• Atlantic rainforest;
  • coal mining;
  • floristics;
  • natural regeneration;
  • restoration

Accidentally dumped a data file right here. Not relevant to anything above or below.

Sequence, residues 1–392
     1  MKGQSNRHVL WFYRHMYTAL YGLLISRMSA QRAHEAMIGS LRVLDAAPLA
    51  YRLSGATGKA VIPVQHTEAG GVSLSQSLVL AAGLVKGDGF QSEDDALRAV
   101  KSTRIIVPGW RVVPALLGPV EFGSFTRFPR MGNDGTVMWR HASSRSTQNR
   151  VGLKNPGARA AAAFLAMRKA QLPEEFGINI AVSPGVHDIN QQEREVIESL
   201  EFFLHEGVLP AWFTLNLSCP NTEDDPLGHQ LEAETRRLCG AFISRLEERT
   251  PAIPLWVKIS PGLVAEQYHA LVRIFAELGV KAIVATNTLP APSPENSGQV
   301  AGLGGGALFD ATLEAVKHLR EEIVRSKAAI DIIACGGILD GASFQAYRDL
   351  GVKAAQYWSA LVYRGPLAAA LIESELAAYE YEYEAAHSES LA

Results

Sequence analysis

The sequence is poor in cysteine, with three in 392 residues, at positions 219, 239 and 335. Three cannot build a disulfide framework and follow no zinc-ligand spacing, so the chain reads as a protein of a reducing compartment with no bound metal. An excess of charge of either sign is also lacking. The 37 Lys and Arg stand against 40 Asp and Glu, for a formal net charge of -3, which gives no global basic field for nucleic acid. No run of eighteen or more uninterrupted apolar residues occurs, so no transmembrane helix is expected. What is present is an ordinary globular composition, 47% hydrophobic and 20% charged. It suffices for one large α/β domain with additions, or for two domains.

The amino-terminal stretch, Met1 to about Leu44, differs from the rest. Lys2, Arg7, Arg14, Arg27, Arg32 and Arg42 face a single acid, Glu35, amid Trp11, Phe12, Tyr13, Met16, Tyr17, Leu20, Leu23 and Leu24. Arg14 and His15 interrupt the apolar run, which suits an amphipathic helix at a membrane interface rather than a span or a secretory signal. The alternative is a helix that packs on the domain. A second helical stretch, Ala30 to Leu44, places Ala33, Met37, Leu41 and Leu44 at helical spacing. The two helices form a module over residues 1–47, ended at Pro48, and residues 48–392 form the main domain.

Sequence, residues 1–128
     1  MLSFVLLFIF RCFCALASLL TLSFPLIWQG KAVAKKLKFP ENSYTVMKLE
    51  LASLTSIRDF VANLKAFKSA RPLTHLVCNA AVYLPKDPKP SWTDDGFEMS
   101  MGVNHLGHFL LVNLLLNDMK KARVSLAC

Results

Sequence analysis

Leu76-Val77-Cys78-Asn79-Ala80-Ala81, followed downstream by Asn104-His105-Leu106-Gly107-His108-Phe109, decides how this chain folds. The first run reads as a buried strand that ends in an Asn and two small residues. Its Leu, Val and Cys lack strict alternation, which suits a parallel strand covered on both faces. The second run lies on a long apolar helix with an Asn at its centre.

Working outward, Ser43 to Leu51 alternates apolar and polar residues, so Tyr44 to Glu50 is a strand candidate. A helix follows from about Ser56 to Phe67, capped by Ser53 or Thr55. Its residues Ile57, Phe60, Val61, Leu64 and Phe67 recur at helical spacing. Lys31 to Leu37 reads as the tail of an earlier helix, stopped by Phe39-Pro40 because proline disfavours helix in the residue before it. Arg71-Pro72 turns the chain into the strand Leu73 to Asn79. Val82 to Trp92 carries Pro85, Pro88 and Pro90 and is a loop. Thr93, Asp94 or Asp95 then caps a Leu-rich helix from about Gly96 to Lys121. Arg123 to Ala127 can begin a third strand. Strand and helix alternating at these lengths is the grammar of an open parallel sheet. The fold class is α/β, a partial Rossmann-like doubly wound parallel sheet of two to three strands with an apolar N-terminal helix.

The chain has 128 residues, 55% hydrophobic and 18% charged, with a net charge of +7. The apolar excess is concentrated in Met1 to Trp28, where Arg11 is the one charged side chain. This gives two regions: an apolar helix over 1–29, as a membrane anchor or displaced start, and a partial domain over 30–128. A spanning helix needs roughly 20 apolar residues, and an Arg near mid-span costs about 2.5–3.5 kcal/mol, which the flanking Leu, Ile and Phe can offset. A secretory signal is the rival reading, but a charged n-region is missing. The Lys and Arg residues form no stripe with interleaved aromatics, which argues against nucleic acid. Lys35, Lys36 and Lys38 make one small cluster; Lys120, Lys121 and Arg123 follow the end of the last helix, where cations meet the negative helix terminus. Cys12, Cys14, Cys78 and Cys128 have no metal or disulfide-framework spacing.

The objective of this work was to select indigenous vegetal species for restoration programs aiming at the regeneration of ombrophilous dense forest. Thirty-five spoil piles located in the county of Sideropolis, Santa Catarina, that received overburden disposal for 39 years (1950–1989) were selected for study because they exhibited remarkable spontaneous regrowth of trees compared to surrounding spoil piles. Floristic inventory covered the whole area of the 35 piles, whereas survey on phytosociology and natural regeneration studies were conducted in 70 plots distributed along the 35 piles. Floristic inventory recorded 83 species from 28 botanical families. Herbaceous terricolous plants constituted the predominant species (47.0%), followed by shrubs (26.5%), trees (19.3%), and vines (7.2%). Results from surveys on phytosociology and natural regeneration, focused on shrubs and trees, recorded incipient ecological succession. In addition, the most adapted species recorded on the overburden piles, as ranked by index of natural regeneration (RNT) plus importance value index (IVI), were as follows: Clethra scabra (RNT = 23.93%; IVI = 17.28%), Myrsine coriacea (RNT = 20.93%, IVI = 11.26%), Eupatorium intermedium (RNT = 7.56%, IVI = 0.40%), Miconia ligustroides (RNT = 5.84%, IVI = 2.37%), Ossaea amygdaloides (RNT = 3.84%, IVI = 1.30%), Tibouchina sellowiana (RNT = 3.29%, IVI = 1.94%), Eup. inulaefolium (RNT = 2.65%, IVI = 0.80%), and Baccharis dracunculifolia (RNT = 2.28%; IVI = 0.56%). High values of IVI and RNT exhibited by the exotic species Eucalyptus saligna (IVI = 21.73%, RNT = 51.41%) indicated strong competition between exotic and indigenous species. Severe chemical (acidic pH and lack of nutrients) and physical (coarse substrate and slope angle of 40–50°) characteristics displayed by the overburden piles constituted limitations to floristic diversity and size of indigenous trees, indicating the need for substrate reclamation prior to forest restoration.